Confessional poetry (seldom in traditional forms) and the much more free-wheeling Beat poetry still command the American scene today - as mortal enemies. Emotions ran high. Such volumes as Heart's Needle (1959), Remains (1970) and After Experience (1967) brought a now infamous attack, during a panel discussion, from the Beat poets Allen Ginsberg and Imiri Baraka.
"The moderator said to them: 'What's so wicked about American poetry?' Baraka pointed to me and said: 'He is!'
"Part of it was that he was angry that I happened to be there with a black girl that night.. I said: gee, he has a white wife. I didn't think he would be mad at me but he was.
"The moderator pulled me aside, then - we took an intermission and she pulled me aside - and said: 'Don't you answer that. They don't care what they say and they will just try to make you look foolish.'
"Well, I should have taken her advice, probably, but I didn't. I remember I went back in front of them. I said I didn't really believe that I'd managed to encompass the total evil of America yet, but that any poet who could do anything so vast as that certainly must be a pretty powerful kind of writer. I was smart-alecky, I admit, but it shut them up."
If Baraka thought that W. D. Snodgrass's three volumes, to that point, accepted life as he found it, he was mistaken. Wandering among the nature images is a cynicism, a darkness, which makes them exceptional for traditional poems.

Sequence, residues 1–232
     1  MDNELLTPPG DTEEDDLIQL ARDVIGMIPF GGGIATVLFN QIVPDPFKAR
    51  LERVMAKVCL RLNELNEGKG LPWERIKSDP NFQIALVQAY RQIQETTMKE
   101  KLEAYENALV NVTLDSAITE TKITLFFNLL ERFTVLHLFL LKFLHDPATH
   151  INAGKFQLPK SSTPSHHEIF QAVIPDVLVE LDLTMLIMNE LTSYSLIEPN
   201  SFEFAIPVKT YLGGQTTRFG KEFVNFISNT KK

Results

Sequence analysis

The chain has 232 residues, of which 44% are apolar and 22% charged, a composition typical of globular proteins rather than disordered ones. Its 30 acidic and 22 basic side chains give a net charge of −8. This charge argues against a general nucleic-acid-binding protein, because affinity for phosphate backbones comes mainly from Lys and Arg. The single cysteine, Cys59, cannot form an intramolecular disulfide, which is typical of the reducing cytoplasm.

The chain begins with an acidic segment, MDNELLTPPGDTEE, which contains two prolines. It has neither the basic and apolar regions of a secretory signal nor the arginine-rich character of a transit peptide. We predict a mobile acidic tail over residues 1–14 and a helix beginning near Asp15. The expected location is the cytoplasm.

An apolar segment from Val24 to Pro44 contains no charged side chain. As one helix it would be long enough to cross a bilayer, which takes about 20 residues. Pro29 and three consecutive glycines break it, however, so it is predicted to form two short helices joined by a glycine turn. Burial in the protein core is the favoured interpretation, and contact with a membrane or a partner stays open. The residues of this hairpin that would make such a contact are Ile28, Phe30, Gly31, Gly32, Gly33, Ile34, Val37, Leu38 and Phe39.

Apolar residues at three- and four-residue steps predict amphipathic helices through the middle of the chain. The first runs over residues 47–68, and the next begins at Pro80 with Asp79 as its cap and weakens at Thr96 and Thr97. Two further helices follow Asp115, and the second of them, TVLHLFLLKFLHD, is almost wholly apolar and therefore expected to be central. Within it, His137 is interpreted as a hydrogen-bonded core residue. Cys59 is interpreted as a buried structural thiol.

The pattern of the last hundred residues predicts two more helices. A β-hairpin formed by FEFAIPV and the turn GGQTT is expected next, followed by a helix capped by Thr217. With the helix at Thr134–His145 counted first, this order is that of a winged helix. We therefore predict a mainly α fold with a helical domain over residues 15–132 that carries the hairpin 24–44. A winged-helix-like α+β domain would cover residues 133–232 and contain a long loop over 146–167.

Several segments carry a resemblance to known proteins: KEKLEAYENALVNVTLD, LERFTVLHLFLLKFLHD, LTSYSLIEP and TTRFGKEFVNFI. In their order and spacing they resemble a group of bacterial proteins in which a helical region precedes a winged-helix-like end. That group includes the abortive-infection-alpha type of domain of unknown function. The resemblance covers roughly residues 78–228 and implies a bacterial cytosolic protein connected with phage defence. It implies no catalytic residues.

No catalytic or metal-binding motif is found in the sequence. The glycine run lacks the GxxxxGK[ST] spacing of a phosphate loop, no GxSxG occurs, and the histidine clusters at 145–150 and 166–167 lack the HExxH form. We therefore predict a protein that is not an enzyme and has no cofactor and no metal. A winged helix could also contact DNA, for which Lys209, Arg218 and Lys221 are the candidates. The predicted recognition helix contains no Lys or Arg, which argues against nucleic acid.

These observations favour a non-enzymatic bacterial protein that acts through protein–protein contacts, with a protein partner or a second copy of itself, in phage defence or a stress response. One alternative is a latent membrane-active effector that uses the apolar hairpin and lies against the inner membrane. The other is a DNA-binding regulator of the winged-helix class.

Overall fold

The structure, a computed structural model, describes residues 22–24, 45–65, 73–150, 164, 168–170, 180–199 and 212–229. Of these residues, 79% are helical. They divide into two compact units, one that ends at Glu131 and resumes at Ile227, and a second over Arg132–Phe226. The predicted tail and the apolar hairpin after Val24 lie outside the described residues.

Perhaps as a young man in World War II he had been shocked by the violence of life - perhaps he always had. For whatever reason, he had become as enigmatical as so many of the soldiers of that war who flooded the country's universities on the new G.I. Plan and changed the mind of America. The burgeoning poet was struck by the violence and disregard of the world.
Remains is about the suicide, at an early age, of his sister. In it memories are interwoven with the absurdity of death. The lines are still tighter and harder than in Heart's Needle (itself about the aftermath of war and divorce) and the book may be his best.
It is only in the aftermath of The Fuhrer Bunker that the tone has grown considerably lighter (and returned to traditional forms). It may be still more recently that the world received the W. D. Snodgrass who loves to tell stories about birds, punctuated by self-deprecating comments, during his readings; who generally selects his less challenging work to read, now and then, as he does so.
Asked, however, he reveals that the old and the new are one and the same: "Here most of the people have not experienced actual Nazism. The Nazis are figures of their imagination. And they feel that pointing to someone else's wickedness they prove their goodness. "I think just the opposite. Pointing at someone else's wickedness merely shows something about your potential...."